0 Posted by - January 13, 2015 - Parsha, Shemot


Parashat Vaera
I recall 

 one of my father’s great lessons to my family as we grew up.   ! למה? ×›×›×”   Why? Because! In coaching we were taught the power of a question. The greater the questions one asks, the greater the person. The less intelligent the questions one asks, the less intelligent the person. The six questions we ask are : Who, What, When, Where, How, and Why. “Why”, however, is different from the others. It is a turbo question. It can stump you, make you feel like a fool, or, if used correctly can be the question that brings you your greatest successes in life.

There is a great Hassidic twist on the words of King David, למה יאמרו הגויים איה נא אלוהיהם . Why should the gentiles say, ” where is their G-d?”  Instead, read it,  “Why”, is a question the gentiles ask; where are their gods? ‘Why’ is a gentile question. Use it gently.

I was taught by Rabbi N. Geisler, my master coach, to use the ‘why question’ sparingly. It is actually even better to change the tune to, “What is the reason?” Be especially careful when the why question is asking a person about something they did wrong, where they failed, etc. The truth is that if you ask someone a few whys, if you dig deep enough, you will hit rock bottom. There will be no answer. Why did you come late? Because I slept in. Why did you sleep in? Because I did not set my alarm clock. Why did you not set your alarm clock? Because I forgot. Why did you forget? Because I am an idiot.

You are not an idiot. You are G-dly.  If I would ask ‘Why you are an idiot’, there would be no answer. The answer is G-d.  Play this “Why” game on people you don’t want to like you.  The Midrash says that asking people “Why did you do this?” gets them angry. The reason why people can’t answer why is because that is where G-d is in their life, an area of confusion for many.  I do not ask myself, or the people in my life, Why. Unless I have to. Unless it is focused on the positive. Why did you get such a great mark on your test? Why are you doing the dishes for Mom? Why are you reading this article? Why do you like self-help articles? Why do you learn Torah? Why do you enjoy it? These “Whys” recharge motivation batteries.  Self help gurus believe that if you have enough “becauses” to Why, or reasons for your goal, you are unstoppable.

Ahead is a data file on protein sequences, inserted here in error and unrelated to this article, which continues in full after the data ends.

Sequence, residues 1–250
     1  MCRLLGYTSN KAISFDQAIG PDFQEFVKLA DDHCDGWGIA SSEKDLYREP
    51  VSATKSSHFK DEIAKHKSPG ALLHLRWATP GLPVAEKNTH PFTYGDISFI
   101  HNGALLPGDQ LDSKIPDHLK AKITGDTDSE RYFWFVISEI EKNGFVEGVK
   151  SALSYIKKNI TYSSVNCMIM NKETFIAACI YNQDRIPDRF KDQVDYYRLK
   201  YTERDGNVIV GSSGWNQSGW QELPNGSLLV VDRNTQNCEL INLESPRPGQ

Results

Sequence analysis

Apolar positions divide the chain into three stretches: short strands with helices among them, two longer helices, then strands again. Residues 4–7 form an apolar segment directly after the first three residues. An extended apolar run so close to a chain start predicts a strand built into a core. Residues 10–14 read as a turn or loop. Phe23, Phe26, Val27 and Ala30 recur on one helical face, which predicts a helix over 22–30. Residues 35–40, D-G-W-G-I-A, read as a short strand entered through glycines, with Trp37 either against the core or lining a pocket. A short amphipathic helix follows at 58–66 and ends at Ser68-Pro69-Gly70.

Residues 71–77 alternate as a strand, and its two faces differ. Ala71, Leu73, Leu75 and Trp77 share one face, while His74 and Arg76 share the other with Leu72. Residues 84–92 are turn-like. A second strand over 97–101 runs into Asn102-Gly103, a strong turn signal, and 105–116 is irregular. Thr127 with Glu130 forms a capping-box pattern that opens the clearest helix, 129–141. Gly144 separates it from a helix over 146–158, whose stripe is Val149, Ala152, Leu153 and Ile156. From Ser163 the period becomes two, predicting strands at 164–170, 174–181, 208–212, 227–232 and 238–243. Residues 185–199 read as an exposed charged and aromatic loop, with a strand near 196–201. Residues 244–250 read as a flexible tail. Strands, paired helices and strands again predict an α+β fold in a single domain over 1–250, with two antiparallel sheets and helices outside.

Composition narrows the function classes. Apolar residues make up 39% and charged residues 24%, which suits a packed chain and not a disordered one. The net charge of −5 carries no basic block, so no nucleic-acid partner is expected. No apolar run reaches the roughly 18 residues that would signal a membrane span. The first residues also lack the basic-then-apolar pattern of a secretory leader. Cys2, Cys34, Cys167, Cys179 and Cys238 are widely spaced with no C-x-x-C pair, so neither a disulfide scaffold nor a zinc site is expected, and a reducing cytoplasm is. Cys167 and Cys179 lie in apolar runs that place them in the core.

The only blemish that Moshe had on his life record was – asking why. למה הרעותה לעם ×”×–×” למה ×–×” שלחתני Why have you brought evil upon this nation, and why did You send me? Moshe asked this, of course, to help out His Nation. He put himself on the line for the Jewish People. But because he did, he received his worst punishment. He was not allowed into the Land of Israel (see Rashi 6; 1) . Why the Land of Israel? How was that punishment ‘measure for measure’? Because the Land of Israel is given to the Nation that does not ask Why. It is a Land about which the Whys are left unanswered. Why do all the nations fight over it? Why is Israel the Chosen Land? etc.